Of Bombay & Mumbai....

In the 1600s, Angelina was a form of silver coinage issued by the Bombay Mint set up by the English East India Company (EIC). The foundation stone for the Mint was laid in 1671. Over the next 100 years, the Mint would issue coins with both Roman and Persian inscriptions. While the English coins (Carolinas, Angelinas, Copperoons and Tinnys) have “Bomb”, “Bombay” and “Bombaim” inscribed on them, the later Persian ones used the name popular with the locals — Mumbai. Most of these coins are today housed at the British Museum. “This factoid disputes the fact that the two names did not co-exist and were mutually exclusive,” says numismatic expert Mahesh Kalra, who is doing his PhD on Mughal coins from Mumbai University. Kalra, who is also the regional secretary of the Oriental Numismatic Society for South Asia, recently completed a research project on it for the KR Cama Oriental Institute, titled, ‘Forging Cosmopolitan Cultures: The Story of the ‘Old’ Bombay Mint c. 1672-1830’. “Mumbai comes from Mumbadevi, who was worshipped by the city’s original inhabitants, the Kolis,” says historian Dr MD David. “When the Portuguese arrived in 1526, they began calling the city ‘Bombaim’, which comes from the Portuguese phrase ‘Bom Bahia’ or ‘good bay’. In the 17th century with the arrival of the British, this changed to Bombay.”
In 1995, the Shiv Sena-BJP government changed the name of the city to Mumbai. Since then, it has become a contentious issue with political parties insisting that shop owners and private institutions stop using the anglicized “Bombay”. However, in the 1680s, the British themselves began minting currency with “Mumbai” inscribed on it in Persian. “They switched to Persian because few people could read English and so the currency was not accepted in the rest of the Western coast,” says Kalra. “Mumbai was used because it was the name used by local residents,” says David. The advantage of issuing coins with Persian inscriptions was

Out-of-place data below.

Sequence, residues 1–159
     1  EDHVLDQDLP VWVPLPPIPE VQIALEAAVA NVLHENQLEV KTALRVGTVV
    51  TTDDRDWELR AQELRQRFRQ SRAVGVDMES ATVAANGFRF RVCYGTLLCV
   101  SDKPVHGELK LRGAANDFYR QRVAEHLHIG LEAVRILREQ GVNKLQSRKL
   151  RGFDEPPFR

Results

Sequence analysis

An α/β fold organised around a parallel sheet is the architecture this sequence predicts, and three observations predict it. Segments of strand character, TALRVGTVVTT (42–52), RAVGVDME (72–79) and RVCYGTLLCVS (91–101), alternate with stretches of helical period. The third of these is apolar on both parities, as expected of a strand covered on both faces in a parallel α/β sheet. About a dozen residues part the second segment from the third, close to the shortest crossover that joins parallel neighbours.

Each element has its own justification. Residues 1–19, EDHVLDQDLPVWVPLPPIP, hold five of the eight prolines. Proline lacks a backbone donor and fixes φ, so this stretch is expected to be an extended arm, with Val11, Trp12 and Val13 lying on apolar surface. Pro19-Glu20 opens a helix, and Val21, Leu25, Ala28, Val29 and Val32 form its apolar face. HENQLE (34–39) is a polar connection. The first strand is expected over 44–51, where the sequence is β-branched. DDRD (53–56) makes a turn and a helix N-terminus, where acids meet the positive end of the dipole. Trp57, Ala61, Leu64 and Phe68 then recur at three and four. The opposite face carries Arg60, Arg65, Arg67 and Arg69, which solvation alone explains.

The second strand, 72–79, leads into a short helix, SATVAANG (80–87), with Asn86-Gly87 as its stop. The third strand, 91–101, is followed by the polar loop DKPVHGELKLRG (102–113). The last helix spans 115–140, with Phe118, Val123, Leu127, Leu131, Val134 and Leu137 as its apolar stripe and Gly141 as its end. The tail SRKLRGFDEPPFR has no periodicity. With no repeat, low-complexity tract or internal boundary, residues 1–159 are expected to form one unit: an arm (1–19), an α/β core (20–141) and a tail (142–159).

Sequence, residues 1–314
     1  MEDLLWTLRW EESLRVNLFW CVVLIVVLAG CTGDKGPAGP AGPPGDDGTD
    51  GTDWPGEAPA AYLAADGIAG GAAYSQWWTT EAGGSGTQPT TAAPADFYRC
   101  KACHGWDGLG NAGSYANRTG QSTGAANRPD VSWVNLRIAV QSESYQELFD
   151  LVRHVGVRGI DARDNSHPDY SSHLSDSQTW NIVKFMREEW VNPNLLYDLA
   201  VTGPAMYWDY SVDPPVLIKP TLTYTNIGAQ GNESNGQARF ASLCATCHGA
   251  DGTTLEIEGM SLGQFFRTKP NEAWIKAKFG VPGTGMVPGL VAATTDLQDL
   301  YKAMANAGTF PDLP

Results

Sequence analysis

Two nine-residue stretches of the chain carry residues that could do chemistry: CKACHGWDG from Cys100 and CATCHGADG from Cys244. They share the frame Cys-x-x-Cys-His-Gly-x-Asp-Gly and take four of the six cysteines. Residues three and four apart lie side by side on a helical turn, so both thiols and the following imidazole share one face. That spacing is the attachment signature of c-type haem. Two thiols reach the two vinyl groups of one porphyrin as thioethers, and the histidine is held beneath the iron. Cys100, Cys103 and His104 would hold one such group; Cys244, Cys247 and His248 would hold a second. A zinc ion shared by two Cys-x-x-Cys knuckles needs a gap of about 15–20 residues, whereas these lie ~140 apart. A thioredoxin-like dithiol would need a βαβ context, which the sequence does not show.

stop using the anglicized “Bombay“. The advantage of issuing coins with Persian inscriptions was thwarted when Mughal ruler Aurangzeb took exception to the names of British monarchs emblazoned on the currency. To make matters worse, this was around the same time that Aurangzeb’s ship was attacked by British pirates. He insisted that the minting of Persian coins be stopped.
For the next 25 years, the Bombay Mint remained dormant and the EIC had to pay a “seignoriage” to the Surat mint every time it needed coins. In 1717, the British approached Mughal ruler Farrukh Siyar, who gave them permission to issue currency in his name as long as he was referred to as the “emperor of ye sea and land”.
These were issued in Persian and had the words “zarb Mumbai” or “struck at Mumbai” on them. “It was the Mughal ruler’s decision to use the name Mumbai,” says Pascal Lopes, who has a master’s in numismatics from Mumbai University.

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